With Teeth Review

Nine Inch Nails infuses funky tempo in latest effort: the ruthless 'With Teeth'

By Emily Burnham for Bangor Daily News on July 1, 2005

Trent Reznor doesn't do his fans any favors. In the six years since 1999's double-disc odyssey "The Fragile," there was a time when we heard next to nothing about Nine Inch Nails. Then there was a year or so of rumblings from his rock-star mansion in New Orleans that a new album was in the works, and that it was going to be called "Bleedthrough" and that he categorized it as, musically, being like "12 hard punches to the face." Trent's not one for subtlety.

Well, we have a new album. It's called "With Teeth," and instead of being like 12 hard punches to the face, it's more like 13 songs that are unmistakably the work of Nine Inch Nails that are also - dare I say it - funky. As in, you can dance while you're screaming your lungs out to them.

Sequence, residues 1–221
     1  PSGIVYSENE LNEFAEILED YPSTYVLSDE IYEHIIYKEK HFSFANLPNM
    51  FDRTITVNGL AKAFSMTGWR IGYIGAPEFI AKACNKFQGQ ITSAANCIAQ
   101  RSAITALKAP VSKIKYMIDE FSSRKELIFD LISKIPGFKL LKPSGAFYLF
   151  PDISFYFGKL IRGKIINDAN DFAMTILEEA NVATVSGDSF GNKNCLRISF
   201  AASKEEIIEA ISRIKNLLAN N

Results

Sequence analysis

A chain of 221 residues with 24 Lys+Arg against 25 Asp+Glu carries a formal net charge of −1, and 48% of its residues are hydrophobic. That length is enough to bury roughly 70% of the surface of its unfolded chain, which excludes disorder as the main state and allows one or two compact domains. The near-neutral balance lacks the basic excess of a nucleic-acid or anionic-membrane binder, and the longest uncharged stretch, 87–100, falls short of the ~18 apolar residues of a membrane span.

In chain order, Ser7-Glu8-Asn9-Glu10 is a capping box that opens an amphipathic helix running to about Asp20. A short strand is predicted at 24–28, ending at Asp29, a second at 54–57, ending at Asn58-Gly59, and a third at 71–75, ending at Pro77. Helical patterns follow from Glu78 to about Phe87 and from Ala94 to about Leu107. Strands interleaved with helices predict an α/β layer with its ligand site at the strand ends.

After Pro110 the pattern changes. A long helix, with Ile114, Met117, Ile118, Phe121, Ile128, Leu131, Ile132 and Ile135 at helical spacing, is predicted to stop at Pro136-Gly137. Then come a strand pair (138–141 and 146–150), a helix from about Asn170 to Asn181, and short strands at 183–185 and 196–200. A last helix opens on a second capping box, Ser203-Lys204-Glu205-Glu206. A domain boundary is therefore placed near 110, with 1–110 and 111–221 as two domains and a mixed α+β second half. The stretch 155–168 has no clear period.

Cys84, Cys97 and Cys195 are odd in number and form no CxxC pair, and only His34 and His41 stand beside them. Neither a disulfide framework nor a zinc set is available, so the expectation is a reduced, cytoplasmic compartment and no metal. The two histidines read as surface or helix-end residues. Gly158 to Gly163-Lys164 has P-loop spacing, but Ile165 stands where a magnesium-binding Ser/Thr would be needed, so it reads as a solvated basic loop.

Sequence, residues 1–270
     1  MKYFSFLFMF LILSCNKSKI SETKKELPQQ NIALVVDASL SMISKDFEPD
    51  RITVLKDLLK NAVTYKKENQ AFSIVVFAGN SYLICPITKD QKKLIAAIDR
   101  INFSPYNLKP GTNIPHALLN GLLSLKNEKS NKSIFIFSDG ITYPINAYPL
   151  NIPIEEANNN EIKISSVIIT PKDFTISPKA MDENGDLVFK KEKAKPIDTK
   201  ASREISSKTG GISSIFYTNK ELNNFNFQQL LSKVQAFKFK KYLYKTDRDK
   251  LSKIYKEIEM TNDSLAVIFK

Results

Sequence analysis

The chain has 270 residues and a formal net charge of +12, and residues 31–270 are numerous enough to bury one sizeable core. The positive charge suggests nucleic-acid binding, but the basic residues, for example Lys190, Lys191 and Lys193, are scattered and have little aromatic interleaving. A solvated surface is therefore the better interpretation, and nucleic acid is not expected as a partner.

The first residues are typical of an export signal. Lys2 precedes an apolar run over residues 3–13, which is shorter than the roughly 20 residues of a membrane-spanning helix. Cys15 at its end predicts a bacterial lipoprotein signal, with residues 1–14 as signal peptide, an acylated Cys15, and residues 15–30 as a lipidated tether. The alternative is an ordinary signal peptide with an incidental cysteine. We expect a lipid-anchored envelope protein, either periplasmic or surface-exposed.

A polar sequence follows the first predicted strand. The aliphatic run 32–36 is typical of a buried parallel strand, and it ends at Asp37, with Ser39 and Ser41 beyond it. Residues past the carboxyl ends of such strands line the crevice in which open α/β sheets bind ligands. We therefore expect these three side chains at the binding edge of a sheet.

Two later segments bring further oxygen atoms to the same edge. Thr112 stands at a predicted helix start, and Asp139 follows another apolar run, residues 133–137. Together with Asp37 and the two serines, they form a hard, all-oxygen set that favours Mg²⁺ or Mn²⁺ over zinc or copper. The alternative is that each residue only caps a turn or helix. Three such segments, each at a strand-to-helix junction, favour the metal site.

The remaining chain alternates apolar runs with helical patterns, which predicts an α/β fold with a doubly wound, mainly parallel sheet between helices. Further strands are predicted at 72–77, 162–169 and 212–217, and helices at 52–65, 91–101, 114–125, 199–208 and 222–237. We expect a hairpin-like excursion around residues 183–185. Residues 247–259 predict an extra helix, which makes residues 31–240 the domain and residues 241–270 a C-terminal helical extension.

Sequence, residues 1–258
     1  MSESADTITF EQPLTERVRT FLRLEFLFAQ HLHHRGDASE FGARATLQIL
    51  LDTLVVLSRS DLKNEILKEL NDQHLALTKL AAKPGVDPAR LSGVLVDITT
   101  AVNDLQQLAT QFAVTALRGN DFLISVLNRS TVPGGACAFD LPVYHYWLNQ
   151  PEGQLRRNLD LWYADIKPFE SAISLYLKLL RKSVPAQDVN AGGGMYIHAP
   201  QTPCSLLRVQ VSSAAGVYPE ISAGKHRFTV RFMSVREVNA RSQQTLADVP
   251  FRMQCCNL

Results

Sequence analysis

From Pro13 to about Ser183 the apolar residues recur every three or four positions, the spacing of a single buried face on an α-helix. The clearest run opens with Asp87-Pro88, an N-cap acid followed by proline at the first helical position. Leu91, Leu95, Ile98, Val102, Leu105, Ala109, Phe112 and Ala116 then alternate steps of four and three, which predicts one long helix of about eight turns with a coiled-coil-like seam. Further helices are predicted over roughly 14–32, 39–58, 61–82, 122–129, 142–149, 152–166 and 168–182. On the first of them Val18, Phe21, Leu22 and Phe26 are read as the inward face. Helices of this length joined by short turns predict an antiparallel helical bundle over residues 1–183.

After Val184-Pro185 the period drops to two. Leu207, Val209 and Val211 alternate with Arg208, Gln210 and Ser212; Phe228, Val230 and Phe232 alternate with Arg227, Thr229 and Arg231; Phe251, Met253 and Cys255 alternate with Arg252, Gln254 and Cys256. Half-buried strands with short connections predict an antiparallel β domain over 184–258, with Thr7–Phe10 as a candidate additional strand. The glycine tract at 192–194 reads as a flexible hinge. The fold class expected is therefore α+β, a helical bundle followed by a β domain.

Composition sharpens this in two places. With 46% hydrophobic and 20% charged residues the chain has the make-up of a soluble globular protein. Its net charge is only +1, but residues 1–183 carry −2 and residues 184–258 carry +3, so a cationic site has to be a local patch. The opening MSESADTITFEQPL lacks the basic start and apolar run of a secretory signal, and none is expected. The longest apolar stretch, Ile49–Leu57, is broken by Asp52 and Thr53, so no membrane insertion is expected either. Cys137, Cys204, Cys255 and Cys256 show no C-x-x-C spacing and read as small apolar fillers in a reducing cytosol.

The album starts off on one of the high notes of Trent's long career; "All the Love In the World" begins with the piano twinkles featured so prominently on "The Fragile," along with Trent's tortured vocals. After a masterful crescendo, it locks into a devastating electro beat, and sets the mood for the rest of the album: painstakingly crafted electronic rock.

"You Know What You Are" hearkens back to "The Downward Spiral," with its high, pounding drums and screamed vocals, while hit single "The Hand That Feeds" and midalbum track "Only" sound more like indie heroes The Faint than the stuff they've done in the past. Though there are a few draggers, the album is as good as anything Trent Reznor has ever done, and in some places, better.

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